Stents can be viewed as scaffoldings; they generally are provided with cylindrical symmetry. Stents function to physically support, and, if desired, expand the wall of the passageway. Typically, a stent consists of two or more struts or wire support members connected together into a lattice-like or open weave frame. Most stents are compressible for insertion through small cavities, and are delivered to the desired implantation site percutaneously via a catheter or similar transluminal device. Once at the treatment site, the compressed stent is expanded to fit within or expand the lumen of the passageway. Stents are typically either self-expanding or are expanded by inflating a balloon that is positioned inside the compressed stent at the end of the catheter. Intravascular stents are often deployed after coronary angioplasty procedures to reduce complications, such as the collapse of arterial lining, associated with the procedure.
There have been introduced various types of stents, and they can be typically categorized from viewpoints of methods for expanding the stent, shapes, methods for manufacturing the stent, designs and so forth. From a viewpoint of methods for expanding the stent, stents can be categorized as a self-expandable stent that can be expanded by itself, and a balloon expandable stent. In the balloon expandable stent, the stent is mounted on an expandable member, such as a balloon, provided on a distal end of an intravascular catheter, and the catheter is advanced to the desired location in the body lumen to deliver the stent. Then, the balloon on the catheter is inflated to expand the stent into a permanent expanded condition, and the balloon is deflated for removing the catheter from the stent.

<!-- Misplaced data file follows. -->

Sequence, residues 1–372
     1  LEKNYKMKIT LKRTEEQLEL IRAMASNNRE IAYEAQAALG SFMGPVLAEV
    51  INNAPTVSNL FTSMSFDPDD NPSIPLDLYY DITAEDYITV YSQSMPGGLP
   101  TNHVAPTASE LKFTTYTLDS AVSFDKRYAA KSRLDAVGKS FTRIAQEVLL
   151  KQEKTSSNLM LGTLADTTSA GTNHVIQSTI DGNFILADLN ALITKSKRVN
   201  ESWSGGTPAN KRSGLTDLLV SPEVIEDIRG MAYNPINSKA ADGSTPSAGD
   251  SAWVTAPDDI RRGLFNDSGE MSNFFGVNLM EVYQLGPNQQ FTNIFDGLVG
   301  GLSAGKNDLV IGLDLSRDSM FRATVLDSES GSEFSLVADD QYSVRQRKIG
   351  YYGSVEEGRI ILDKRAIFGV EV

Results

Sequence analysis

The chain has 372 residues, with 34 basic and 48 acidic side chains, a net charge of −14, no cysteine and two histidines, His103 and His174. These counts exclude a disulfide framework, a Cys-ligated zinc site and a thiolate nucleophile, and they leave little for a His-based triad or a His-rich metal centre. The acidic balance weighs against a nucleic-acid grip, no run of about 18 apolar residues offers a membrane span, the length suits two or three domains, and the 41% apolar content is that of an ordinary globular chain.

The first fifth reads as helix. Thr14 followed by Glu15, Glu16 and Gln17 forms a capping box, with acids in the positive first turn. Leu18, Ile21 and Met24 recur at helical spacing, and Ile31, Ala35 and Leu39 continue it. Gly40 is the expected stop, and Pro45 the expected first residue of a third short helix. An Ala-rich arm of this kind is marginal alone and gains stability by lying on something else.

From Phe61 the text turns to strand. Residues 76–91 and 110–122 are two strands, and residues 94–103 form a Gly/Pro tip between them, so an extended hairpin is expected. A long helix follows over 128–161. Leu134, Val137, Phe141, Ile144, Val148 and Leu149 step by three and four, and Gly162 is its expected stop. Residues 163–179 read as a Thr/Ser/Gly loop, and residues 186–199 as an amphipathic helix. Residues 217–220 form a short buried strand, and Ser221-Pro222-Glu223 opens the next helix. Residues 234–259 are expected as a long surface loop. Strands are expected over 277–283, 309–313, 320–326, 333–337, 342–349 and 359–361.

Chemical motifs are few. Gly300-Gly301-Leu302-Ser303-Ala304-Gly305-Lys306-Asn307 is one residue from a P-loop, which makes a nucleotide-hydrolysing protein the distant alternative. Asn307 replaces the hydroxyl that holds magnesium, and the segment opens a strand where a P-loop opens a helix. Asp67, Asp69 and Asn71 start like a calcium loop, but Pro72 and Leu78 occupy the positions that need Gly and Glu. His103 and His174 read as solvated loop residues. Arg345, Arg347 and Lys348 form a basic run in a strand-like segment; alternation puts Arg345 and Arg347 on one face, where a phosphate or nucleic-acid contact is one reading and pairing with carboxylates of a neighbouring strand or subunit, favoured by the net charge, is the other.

Palmaz describes a variety of expandable intraluminal vascular grafts in a sequence of patents: U.S. Pat. Nos. 4,733,665; 4,739,762; 4,776,337; and 5,102,417. The Palmaz '665 patent suggests stents that are expanded using angioplasty balloons. The stents are variously a wire mesh tube or of a plurality of thin bars fixedly secured to each other. The devices are installed, e.g., using an angioplasty balloon and consequently are not self-expanding. The Palmaz '762 and '337 patents describe the use of thin-walled tubular stents with biologically compatible materials coated on stent. Finally, the Palmaz '417 patent describes the use of multiple stents or stent segments each flexibly connected to its neighbor.
In all types of stents, the stent expands from an initial diameter to a larger diameter so as to be suitable for a particular size of the targeted body cavity. Therefore, the stent must have expandability in the circumferential direction. Also, since stent is placed in the body lumen is to support a cavity wall therein to maintain the patency thereof, it is very important that the stent has radial strength as well as support capability.
At the same time, since the stent is generally delivered through tortuous path to the desired location in the body lumen, the stent must have flexibility in the axial direction. Namely, the stent must be flexible and is bent easily to thereby facilitate the delivery of the stent in the narrow and meandering body lumen.